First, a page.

The computational complexity of Nash equilibria in concisely represented games


Schoenebeck, Grant, and Salil Vadhan. “The computational complexity of Nash equilibria in concisely represented games.” ACM Transactions on Computation Theory 4, no. 2 (2012).
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Version History: Preliminary versions as ECCC TOR05-52 (; attached as ECCC2005.pdf) and in EC '06 (; attached as EC2006.pdf).

Games may be represented in many different ways, and different representations of games affect the complexity of problems associated with games, such as finding a Nash equilibrium. The traditional method of representing a game is to explicitly list all the payoffs, but this incurs an exponential blowup as the number of agents grows. We study two models of concisely represented games: circuit games, where the payoffs are computed by a given boolean circuit, and graph games, where each agent’s payoff is a function of only the strategies played by its neighbors in a given graph. For these two models, we study the complexity of four questions: determining if a given strategy is a Nash equilibrium, finding a Nash equilibrium, determining if there exists a pure Nash equilibrium, and determining if there exists a Nash equilibrium in which the payoffs to a player meet some given guarantees. In many cases, we obtain tight results, showing that the problems are complete for various complexity classes.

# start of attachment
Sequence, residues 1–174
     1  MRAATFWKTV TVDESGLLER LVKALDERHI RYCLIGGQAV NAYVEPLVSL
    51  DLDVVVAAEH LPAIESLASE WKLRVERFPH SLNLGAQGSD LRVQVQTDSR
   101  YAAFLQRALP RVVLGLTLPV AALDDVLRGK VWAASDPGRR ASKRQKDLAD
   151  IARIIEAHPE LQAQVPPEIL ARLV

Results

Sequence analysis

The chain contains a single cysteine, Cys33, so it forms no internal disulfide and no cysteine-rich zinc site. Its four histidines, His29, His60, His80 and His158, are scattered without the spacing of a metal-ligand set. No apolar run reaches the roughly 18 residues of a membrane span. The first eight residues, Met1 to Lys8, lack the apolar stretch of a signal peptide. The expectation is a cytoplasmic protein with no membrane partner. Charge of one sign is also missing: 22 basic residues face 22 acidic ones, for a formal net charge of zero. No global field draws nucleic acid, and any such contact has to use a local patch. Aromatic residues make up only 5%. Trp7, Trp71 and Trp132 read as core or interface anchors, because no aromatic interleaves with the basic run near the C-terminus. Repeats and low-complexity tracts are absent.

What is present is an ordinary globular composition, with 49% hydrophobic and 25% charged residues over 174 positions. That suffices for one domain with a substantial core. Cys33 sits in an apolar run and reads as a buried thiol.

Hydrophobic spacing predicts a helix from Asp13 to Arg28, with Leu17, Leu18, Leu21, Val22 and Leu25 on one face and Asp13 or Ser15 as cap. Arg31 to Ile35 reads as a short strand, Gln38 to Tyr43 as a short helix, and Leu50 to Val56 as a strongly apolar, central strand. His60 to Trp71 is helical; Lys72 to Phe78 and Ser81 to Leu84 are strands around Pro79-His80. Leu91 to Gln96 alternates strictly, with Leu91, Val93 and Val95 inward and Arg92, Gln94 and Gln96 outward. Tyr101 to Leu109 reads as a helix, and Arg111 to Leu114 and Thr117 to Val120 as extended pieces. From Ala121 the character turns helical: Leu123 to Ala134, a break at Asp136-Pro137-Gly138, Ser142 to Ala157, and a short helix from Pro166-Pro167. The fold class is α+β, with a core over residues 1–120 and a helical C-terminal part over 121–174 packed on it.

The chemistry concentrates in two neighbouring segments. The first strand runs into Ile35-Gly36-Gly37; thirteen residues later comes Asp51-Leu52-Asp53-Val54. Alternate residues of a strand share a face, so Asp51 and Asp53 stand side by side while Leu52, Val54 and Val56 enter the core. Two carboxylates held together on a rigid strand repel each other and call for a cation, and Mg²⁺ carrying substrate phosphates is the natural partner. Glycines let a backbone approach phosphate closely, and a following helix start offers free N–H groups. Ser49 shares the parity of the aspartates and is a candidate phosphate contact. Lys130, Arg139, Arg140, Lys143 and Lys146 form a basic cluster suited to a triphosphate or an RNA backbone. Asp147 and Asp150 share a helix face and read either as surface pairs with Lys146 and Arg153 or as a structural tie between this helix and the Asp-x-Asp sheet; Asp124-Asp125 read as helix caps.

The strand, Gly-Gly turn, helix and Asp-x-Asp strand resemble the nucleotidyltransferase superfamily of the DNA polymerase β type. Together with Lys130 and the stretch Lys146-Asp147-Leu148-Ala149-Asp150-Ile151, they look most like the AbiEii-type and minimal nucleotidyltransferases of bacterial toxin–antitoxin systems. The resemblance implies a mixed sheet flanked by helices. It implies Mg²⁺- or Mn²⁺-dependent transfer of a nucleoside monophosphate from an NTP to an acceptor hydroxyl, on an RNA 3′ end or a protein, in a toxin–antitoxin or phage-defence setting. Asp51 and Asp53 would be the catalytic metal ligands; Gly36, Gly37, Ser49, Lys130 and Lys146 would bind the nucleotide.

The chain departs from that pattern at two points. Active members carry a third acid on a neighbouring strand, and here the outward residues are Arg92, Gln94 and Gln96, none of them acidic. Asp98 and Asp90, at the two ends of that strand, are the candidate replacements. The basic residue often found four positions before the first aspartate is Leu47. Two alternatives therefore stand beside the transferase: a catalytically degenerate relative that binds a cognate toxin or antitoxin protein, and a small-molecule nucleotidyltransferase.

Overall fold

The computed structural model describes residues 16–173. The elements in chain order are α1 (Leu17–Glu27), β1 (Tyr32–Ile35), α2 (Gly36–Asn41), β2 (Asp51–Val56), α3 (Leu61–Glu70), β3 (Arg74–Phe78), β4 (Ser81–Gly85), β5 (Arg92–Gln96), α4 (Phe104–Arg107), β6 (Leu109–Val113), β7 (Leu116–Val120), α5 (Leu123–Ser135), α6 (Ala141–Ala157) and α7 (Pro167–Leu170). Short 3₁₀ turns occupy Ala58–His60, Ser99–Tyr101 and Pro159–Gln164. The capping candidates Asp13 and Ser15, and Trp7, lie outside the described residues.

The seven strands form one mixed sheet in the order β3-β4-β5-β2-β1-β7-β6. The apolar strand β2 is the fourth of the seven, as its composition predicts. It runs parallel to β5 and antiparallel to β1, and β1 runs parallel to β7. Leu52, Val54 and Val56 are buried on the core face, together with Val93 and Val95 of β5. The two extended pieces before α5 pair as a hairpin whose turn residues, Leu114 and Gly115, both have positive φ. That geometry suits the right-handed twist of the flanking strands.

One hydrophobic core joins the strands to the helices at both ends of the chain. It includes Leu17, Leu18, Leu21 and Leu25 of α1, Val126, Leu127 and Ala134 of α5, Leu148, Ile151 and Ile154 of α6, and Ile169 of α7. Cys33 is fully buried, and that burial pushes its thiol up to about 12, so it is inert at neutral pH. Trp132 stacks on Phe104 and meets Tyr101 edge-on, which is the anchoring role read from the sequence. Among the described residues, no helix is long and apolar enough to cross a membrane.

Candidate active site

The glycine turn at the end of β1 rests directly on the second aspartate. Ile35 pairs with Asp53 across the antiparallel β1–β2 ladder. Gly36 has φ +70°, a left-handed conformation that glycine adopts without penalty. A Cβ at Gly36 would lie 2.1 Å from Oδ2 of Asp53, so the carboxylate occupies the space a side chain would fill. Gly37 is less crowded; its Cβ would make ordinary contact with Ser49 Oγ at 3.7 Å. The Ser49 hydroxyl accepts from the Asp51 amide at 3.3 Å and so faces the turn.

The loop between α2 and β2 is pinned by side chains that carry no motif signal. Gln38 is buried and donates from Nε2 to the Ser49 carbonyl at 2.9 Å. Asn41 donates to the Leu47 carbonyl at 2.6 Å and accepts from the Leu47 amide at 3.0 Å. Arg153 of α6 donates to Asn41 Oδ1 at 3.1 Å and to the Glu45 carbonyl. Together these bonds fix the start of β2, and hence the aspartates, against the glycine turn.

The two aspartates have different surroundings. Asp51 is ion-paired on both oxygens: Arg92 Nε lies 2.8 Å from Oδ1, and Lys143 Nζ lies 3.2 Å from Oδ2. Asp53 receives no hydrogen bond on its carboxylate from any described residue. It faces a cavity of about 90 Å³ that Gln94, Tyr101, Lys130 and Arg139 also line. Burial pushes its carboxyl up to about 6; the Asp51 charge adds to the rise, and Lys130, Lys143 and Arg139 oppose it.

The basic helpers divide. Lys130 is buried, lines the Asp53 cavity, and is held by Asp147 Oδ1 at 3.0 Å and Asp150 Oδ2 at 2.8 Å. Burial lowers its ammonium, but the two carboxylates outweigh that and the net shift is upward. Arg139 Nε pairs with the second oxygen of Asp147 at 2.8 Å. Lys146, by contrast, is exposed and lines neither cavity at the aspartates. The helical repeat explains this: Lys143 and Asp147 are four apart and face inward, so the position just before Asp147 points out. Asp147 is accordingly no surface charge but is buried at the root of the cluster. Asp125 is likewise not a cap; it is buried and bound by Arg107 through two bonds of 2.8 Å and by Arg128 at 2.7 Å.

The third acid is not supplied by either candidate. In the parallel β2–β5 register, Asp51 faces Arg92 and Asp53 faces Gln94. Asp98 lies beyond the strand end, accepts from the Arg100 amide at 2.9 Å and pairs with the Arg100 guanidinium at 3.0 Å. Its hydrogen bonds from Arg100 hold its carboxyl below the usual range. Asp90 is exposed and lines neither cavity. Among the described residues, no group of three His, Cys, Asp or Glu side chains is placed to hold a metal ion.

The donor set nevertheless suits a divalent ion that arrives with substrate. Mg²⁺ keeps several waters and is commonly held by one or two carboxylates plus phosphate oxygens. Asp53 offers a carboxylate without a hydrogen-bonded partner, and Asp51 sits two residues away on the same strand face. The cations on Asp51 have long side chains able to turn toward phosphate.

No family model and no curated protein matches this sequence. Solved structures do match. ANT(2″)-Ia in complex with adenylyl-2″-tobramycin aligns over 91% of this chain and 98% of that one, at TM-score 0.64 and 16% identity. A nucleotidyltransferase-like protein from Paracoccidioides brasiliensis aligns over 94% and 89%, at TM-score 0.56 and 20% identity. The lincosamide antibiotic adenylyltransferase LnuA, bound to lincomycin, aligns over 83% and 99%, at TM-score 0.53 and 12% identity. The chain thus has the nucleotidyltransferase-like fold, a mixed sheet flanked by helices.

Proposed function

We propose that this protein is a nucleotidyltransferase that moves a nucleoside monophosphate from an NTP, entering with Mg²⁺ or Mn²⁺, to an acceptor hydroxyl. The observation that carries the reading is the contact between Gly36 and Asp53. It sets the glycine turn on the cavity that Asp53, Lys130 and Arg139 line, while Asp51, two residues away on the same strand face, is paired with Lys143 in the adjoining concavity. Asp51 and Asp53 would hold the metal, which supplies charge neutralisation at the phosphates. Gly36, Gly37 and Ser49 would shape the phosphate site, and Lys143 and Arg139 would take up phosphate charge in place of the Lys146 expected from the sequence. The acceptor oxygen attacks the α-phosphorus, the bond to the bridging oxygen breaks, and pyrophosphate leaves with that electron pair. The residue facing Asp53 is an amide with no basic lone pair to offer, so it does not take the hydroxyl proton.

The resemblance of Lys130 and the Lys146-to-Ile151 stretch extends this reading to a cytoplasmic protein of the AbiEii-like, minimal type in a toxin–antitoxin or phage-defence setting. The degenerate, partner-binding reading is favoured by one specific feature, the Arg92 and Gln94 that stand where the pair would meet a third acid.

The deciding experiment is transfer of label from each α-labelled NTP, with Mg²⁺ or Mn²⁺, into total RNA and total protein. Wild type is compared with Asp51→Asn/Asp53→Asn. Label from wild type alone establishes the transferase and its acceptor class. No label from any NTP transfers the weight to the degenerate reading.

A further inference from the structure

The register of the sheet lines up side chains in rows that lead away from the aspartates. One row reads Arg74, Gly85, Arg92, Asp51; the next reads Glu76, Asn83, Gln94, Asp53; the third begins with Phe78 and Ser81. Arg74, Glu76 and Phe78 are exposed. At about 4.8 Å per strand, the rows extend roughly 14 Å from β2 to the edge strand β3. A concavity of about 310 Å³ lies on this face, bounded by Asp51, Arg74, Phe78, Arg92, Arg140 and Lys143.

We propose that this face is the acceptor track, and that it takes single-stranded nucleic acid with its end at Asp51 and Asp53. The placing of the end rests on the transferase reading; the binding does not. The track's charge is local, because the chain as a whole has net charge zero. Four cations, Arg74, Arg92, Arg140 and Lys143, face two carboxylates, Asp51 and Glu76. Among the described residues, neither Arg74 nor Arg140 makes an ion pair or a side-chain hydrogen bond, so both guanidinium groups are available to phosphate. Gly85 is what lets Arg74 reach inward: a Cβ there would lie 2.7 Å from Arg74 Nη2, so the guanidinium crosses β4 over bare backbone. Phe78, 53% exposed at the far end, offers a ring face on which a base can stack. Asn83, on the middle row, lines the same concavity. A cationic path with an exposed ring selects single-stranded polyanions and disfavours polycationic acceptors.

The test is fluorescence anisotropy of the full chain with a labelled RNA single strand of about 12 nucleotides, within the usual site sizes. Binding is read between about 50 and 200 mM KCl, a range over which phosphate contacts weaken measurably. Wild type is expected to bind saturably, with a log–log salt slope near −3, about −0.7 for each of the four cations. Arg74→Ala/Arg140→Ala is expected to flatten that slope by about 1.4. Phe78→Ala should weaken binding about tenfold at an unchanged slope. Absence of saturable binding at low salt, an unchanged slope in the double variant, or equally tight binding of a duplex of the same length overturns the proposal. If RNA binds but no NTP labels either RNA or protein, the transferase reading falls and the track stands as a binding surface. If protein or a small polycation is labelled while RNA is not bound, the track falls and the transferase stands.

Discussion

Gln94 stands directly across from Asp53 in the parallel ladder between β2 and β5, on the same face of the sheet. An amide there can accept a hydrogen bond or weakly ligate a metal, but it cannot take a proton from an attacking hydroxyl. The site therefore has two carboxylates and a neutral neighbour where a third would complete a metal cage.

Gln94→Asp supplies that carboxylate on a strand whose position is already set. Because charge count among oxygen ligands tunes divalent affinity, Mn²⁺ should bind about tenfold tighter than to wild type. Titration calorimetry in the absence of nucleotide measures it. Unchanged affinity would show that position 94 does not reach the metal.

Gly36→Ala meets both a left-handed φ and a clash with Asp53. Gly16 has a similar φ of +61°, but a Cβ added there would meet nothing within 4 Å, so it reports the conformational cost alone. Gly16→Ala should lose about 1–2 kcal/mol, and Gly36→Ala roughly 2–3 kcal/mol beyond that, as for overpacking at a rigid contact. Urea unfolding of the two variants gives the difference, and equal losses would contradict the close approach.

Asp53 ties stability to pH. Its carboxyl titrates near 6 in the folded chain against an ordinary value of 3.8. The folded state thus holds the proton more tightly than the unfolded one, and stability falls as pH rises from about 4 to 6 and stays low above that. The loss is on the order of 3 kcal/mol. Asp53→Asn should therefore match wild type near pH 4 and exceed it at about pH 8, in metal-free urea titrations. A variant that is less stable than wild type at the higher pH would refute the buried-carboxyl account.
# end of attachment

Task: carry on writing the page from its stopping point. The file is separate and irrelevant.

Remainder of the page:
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Last updated on 06/03/2020